There is nothing that can damage a business as much as losing the trust of customers.

Trust is a very precious commodity which takes years to build up, but can be lost in an instant when people find out that a company has done anything illegal, unethical or conspiring to put profit above the interests of customers.

The best way to counteract this is to promote a culture throughout the business of “Doing the right thing”. This involves ensuring that your people think, rather than just comply with procedures.

There are three questions to ask:

  1. Am I breaking any rules or regulations?
  2. Am I breaking the spirit of any rules or regulations?
  3. Is the action I am about to take against the interests of our customers and would I be happy if they were to find out?

Although most companies (particularly large ones) make reference to corporate social responsibility, fewer than 40% of them take any verifiable action to make sure that they do act responsibly. (Famously, the finance industry was widely exposed in 2007/2008, despite having policies in place).

If you want to set the right tone in your business, you need look no further than ISO 26000. This sets out 7 simple principles which are easy to understand and impossible to disagree with:

  1. Accountability – If each person is responsible for their actions, it is easier to influence their behaviour with regards to social responsibility.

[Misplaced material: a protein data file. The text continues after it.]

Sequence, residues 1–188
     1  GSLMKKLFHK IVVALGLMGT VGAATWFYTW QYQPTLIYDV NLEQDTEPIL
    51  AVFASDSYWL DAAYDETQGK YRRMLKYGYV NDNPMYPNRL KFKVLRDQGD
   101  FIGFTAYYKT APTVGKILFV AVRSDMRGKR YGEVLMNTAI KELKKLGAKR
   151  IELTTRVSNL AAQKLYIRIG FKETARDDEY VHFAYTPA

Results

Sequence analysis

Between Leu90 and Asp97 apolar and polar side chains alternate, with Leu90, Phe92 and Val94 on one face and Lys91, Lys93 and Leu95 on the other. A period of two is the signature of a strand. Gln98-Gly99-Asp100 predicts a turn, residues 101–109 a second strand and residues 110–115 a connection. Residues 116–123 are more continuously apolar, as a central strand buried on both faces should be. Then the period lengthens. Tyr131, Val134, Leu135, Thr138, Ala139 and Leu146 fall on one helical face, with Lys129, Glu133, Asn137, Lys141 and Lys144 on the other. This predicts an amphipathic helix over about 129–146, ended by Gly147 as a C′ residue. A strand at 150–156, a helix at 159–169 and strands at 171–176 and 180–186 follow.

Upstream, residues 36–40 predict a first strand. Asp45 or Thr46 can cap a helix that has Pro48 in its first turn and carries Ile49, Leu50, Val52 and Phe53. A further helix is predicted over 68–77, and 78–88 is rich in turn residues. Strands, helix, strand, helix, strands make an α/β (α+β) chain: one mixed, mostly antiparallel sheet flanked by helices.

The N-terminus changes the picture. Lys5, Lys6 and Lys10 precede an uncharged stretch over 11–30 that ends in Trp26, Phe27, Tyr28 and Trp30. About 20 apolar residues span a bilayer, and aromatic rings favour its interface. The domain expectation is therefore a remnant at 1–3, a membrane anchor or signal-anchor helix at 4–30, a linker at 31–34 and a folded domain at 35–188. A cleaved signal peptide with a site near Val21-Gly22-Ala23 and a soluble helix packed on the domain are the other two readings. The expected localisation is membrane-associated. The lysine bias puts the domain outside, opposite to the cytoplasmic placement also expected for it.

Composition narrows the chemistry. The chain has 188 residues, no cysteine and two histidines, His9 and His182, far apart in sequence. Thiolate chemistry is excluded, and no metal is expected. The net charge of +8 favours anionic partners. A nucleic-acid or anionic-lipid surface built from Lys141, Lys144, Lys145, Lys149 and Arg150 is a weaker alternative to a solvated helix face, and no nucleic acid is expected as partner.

2. Transparency – There can be no trust or accountability unless there is transparency. Information must be available to stakeholders.
  3. Ethical behaviour – It is important to ensure that organisations learn to think about ethics rather than merely list a number of activities that “comes under the heading of ethics”. This means that the organisation and its people can respond to a variety of contexts.
  4. Respect for stakeholders’ interests – This includes customers, shareholders, the community, suppliers and the public.
  5. Respect for the rule of law – This is important at all levels, whether it be local, national or international.
  6. Respect for international norms of behaviour – This is particularly valid if an organisation works in a number of regions of the world.
  7. Respect for human rights – Every organisation should be able to make progress without exploiting people.

One of the best ways of embedding social responsibility in your business is to act in accordance with these principles and to “live by them” in the day to day work of the business.

Above all, make sure that your people understand and comply with the need to “do the right thing” by making sure that it is embedded in your processes and communications with them.